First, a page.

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A study published August 30, 2017 in Population Health Metrics explores why the U.S. lags behind other developed countries in continuing improvements to public health. Despite increasing by more than 30 years over the last century, the average lifespan in the U.S. ranks near the bottom among 34 member countries in the Organisation for Economic Co-operation and Development (OECD). The U.S. also lags in years of life lost due to premature mortality for most causes of death, and in particular for injury-related causes.

“Through elimination of injury as a cause of death, average U.S. life expectancy at birth could be increased by approximately 1.5 years, with notable variations by sex, ethnicity, and race,” state the authors. “More conservatively, average life expectancy at birth could be increased by 0.41 years assuming that the national injury death rate could be brought into line with the lowest state-specific rate. Under this more conservative but plausible assumption, an estimated 48,400 injury deaths and $61 billion in medical and work loss costs would be averted annually.”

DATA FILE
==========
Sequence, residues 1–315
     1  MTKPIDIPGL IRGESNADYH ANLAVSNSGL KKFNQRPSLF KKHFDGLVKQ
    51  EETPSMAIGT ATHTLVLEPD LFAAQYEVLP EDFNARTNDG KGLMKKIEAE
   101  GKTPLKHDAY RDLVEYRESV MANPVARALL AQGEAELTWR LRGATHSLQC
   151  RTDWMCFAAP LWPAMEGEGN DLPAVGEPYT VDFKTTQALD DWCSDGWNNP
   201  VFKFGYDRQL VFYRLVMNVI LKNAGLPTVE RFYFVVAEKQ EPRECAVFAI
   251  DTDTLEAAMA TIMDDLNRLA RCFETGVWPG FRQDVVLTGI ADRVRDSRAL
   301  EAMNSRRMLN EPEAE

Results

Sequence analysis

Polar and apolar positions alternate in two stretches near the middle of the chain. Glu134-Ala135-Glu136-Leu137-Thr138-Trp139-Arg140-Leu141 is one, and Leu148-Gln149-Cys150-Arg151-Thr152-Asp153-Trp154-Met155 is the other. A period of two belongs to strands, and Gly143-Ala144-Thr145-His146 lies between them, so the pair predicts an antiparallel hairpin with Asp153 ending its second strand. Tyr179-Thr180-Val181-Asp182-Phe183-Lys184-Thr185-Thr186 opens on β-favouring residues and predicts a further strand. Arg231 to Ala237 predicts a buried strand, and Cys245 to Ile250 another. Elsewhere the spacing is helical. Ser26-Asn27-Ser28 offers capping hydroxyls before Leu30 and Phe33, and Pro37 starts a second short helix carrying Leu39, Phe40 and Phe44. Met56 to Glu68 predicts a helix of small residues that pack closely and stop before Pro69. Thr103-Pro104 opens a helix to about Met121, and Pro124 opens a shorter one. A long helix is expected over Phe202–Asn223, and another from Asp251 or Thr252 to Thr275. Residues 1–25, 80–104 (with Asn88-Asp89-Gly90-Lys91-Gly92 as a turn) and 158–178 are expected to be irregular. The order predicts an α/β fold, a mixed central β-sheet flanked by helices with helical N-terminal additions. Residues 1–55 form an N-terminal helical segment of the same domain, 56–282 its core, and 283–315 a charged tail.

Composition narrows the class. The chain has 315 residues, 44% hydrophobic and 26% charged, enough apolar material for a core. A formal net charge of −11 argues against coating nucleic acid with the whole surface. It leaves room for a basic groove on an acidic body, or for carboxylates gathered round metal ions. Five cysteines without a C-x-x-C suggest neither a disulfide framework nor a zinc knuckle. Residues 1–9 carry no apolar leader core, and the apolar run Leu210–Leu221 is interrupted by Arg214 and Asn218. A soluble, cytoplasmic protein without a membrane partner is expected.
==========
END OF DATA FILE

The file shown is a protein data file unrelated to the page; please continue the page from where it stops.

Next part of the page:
A sustained commitment to injury prevention, particularly that related to roadway crashes, self harm (suicide) and violence (homicide), could lead to substantial improvements–the U.S. has significantly greater mortality levels in each of these categories as compared to other OECD countries.

It should be noted that the study’s outcomes are based on the hypothetical prevention of injury-producing events, as opposed to the improvement of trauma care–which represents another avenue for further reduction of mortality that may also reduce overall U.S. life expectancy.

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